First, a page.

Debate and delight at the Book Festival Children's Programme
Edinburgh International Book Festival returns from 13-29 August with hundreds of authors and a hugely diverse programme - including a fantastic selection of events for young readers. Here, we take a look at just some of what's on offer in the Baillie Gifford Children and Young People’s Programme.
One of the major themes of this year's programme is the classification of novels into age-related categories, and whether terms like 'Young Adult' fiction potentially do a disservice to both readers and authors.
Janet Smyth, Director of the Book Festival’s Children’s Programme, said:
YA author Frances Hardinge won the Costa Book of the Year with her novel The Lie Tree which was published as Young Adult fiction but clearly of a quality to stand alongside any great adult novelist. I do worry that YA fiction, the major publishing creation of the last decade, means many readers will never experience some wonderful writing.
Some of the bravest, boldest and darkest fiction is currently being created but it is often too readily overlooked. If Salinger had been writing Catcher in the Rye today it would have been classified as YA.
The discussion regarding the term will be brought to the fore in the Great YA Debate, when Anthony McGowan and Elizabeth Wein go head-to-head on the issue, with help from Chair Daniel Hahn. They'll be joined by wider audience that will include authors Annabel Pitcher, Christopher Edge, Jenny Downham and Patrice Lawrence.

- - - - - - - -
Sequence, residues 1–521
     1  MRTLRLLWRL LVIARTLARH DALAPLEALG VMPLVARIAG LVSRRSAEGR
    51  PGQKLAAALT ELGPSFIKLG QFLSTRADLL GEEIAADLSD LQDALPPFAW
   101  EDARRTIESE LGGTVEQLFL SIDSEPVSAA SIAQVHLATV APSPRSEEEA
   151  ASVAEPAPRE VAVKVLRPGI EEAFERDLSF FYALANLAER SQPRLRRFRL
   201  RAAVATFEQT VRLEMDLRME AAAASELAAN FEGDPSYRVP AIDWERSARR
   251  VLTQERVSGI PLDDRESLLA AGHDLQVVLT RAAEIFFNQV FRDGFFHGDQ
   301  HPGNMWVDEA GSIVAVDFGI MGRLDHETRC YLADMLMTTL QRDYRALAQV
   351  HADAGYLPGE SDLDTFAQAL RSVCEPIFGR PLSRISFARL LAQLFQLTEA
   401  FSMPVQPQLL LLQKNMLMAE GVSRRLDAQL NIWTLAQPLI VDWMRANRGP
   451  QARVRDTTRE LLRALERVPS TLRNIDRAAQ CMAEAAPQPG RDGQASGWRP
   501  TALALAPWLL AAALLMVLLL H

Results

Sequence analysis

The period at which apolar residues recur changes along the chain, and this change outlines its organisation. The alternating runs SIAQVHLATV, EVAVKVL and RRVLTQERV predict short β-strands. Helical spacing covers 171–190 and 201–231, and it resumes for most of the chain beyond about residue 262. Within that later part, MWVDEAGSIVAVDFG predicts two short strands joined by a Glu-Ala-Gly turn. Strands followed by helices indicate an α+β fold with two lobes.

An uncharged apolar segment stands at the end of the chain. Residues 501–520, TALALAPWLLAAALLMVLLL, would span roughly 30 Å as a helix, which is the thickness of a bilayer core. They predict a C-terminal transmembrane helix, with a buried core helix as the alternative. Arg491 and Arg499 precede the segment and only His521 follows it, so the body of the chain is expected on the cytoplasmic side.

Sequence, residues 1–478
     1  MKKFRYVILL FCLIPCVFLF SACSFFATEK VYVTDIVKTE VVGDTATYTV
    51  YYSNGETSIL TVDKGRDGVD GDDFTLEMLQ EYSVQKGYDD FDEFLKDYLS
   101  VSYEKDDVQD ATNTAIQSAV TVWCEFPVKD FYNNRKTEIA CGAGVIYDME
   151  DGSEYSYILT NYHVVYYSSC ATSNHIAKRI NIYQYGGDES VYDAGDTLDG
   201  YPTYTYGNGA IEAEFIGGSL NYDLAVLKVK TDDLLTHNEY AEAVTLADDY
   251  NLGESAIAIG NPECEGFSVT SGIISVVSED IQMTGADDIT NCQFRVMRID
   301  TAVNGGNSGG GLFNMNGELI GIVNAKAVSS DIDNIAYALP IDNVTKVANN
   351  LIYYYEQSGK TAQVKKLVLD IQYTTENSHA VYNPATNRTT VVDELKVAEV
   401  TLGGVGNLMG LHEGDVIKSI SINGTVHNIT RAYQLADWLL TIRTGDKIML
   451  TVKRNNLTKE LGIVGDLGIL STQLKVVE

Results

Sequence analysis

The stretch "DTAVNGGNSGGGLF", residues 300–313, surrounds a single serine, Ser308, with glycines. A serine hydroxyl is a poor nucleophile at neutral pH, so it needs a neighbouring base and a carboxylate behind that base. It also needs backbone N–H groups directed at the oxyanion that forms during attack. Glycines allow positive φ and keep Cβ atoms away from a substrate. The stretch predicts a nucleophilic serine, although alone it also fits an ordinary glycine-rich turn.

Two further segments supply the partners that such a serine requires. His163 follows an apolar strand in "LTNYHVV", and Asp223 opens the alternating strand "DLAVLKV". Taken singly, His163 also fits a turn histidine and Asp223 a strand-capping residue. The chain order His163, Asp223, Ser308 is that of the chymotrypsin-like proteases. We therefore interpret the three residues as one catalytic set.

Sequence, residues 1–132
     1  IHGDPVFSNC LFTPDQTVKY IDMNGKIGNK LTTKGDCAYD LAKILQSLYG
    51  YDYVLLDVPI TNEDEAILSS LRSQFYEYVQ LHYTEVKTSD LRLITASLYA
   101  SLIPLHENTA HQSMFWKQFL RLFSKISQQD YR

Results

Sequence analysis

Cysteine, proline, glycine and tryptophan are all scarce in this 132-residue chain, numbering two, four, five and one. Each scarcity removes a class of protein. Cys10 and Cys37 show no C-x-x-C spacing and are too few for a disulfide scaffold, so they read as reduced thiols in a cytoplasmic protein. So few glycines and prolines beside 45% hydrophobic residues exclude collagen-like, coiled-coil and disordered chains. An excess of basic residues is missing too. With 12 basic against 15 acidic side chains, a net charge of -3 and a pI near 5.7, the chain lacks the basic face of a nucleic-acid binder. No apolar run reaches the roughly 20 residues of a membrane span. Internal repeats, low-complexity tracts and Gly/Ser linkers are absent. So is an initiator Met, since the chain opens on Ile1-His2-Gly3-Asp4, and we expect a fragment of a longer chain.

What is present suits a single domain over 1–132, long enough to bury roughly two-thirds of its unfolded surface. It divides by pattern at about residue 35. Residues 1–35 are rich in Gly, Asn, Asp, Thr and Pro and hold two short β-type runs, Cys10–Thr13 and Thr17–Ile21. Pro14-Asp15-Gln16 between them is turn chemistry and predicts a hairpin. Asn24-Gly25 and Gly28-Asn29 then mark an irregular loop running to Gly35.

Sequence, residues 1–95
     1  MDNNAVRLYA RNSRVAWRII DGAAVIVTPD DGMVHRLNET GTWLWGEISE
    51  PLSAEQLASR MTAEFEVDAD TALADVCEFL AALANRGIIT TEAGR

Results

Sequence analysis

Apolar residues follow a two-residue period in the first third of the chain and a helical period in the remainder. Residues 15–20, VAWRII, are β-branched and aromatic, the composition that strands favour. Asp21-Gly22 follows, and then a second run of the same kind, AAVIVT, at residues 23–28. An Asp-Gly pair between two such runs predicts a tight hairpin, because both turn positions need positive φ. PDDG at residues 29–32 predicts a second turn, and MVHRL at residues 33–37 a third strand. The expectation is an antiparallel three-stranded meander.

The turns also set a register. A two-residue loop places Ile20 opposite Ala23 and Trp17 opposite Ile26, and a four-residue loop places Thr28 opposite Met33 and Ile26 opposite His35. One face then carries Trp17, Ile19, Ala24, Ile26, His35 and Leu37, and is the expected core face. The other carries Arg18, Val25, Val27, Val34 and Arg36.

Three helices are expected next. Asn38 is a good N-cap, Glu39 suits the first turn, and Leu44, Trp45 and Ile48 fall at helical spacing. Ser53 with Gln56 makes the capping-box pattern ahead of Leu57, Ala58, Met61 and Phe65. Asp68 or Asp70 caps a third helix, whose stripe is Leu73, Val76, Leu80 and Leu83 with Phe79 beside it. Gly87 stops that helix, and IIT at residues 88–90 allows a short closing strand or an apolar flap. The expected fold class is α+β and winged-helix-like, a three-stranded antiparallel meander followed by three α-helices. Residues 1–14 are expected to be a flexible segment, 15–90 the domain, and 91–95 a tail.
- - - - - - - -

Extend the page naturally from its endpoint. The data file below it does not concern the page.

With the huge recent success of the Young Adult market, the Book Festival will also host a number of events featuring leading YA authors including Anne Cassidy, Simon Mayo, John Boyne, transgender author Juno Dawson, Alaskan author Bonnie-Sue Hitchcock and Cat Clarke.
The Book Festival will also include great events for younger readers too, with appearances from authors and illustrators like Cecelia Ahern, Sophie Kinsella, Judith Kerr, David Melling, Chris Riddell, Debi Gliori, Matt Spink, Hrefna Bragadottir, husband and wife team, Ana and Thiago de Moraes, Julia Donaldson and Axel Scheffler.
Illustration is a major theme in the Children's Programme, with illustrator-in-residence Alex T Smith involved in various workshops, Big Draws and interviews. The illustrated edition of Harry Potter and the Philosopher's Stone will get a first showing from Jim Kay, and there's a return to the Book Festival for French graphic novelist Barroux, who'll appear with Chris Haughton and Emer Stamp to discuss their three differing styles.
And there'll be anniversary events for a number of authors and books, including 60 years of Paddington Bear, 80 years of The Broons and Oor Wullie, and 90 years of Winnie the Pooh. 2016 also marks 100 years since Roald Dahl's birth and 150 since Beatrix Potter's, as well as 400 years since the death of Shakespeare, and all have events dedicated to their lives and work.
All of this just scratches the surface of a huge programme for everyone from babies to teens, which also includes a Guinness World Record attempt, rapping bears, singing farmers, giant talking beetles, dinosaurs, gymnasts, heroes, heroines, mythical beasts, magical creatures and moving and uplifting tales of coming of age, friendship and family.
Edinburgh International Book Festival runs from 13-29 August 2016 and tickets are on sale. Find out more about the Festival, including links to programme and ticketing details.
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